Appellant raises the argument that he was denied the right to a unanimous jury verdict as guaranteed by Ariz.Const. Art. 2, § 23 because the court failed to give a form of verdict for guilty of premeditated murder and one for guilty of felony murder and none for guilty of first degree murder generally. The theory is that with the forms of verdict given, some jurors could have found him guilty of premeditated murder but not felony murder while the rest could have found him guilty of felony murder but not premeditated murder. Thus, he would be convicted of first degree murder even though the jury could not unanimously agree on what kind of first degree murder he committed.

Although the scenario described by appellant could have occurred, we are not persuaded that he was thereby denied any right. In Arizona, first degree murder is only one crime regardless whether it occurs as a premeditated murder or a felony murder. See State v. Axley, 132 Ariz. 383, 646 P.2d 268 (1982). Although a defendant is entitled to a unanimous jury verdict on whether the criminal act charged has been committed, State v. Counterman, 8 Ariz. App. 526, 448 P.2d 96 (1968), the defendant is not entitled to a unanimous verdict on the precise manner in which the act was committed. See Counterman, supra, (where two assaults occurred as part of a continuous course of conduct during the same episode *497 giving rise to one charge of assault with a deadly weapon, the right to a unanimous jury verdict did not require the state to elect which assault it would rely on to support a conviction); State v. Dixon, 127 Ariz. 554, 622 P.2d 501 (App. 1980) (because A.R.S. § 13-1802 defines only one crime theft which can be committed in more than one way, Art. 2, § 23 only requires one form of verdict for theft and not one form for each way in which theft can be committed). Even if the events appellant describes occurred, he was still convicted of first degree murder by a unanimous verdict.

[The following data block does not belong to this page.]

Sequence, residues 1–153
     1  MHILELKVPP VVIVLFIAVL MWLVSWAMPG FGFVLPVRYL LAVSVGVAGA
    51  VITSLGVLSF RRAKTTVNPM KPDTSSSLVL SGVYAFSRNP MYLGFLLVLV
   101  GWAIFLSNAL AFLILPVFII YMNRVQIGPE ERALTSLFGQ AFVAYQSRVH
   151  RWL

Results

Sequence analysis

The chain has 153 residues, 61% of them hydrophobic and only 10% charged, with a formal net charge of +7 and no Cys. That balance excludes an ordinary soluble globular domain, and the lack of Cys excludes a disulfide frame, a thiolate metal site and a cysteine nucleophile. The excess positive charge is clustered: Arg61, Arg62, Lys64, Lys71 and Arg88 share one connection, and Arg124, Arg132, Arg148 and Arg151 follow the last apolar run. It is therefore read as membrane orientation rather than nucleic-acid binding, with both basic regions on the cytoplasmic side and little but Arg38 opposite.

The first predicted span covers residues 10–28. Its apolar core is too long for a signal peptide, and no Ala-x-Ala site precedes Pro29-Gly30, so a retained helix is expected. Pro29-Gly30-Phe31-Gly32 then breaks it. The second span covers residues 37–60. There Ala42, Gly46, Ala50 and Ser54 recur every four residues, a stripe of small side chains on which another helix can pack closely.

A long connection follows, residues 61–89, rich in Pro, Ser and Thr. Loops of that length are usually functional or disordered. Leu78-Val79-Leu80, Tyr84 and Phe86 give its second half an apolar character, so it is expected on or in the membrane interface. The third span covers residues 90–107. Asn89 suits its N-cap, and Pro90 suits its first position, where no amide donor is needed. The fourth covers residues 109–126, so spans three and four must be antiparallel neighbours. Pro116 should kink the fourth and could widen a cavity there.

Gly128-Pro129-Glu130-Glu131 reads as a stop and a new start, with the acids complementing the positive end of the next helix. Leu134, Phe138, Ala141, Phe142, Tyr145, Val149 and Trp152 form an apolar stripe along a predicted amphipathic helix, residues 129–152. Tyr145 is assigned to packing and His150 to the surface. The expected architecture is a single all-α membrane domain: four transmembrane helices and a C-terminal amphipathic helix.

Harry Roche testified at trial about the episode between himself and the cofelons after the three had murdered Schwartz. When Roche first went to the police, he could not identify any of the three cofelons. He was then hypnotized by a Maricopa County Deputy Sheriff in an attempt to obtain a better description of the cofelons. Although some composite pictures were made from Roche's hypnotically aided descriptions, he still could not identify either Gerlaugh or appellant at their joint trial.

Appellant's trial attorney objected to Roche taking the stand at trial on the ground that because of the hypnosis, Roche no longer had an independent recollection of the events about which he would testify. The trial court held an evidentiary hearing and determined that Roche's memory had not been changed by the hypnosis session. Appellant's trial attorney's objection was overruled and Roche was allowed to testify.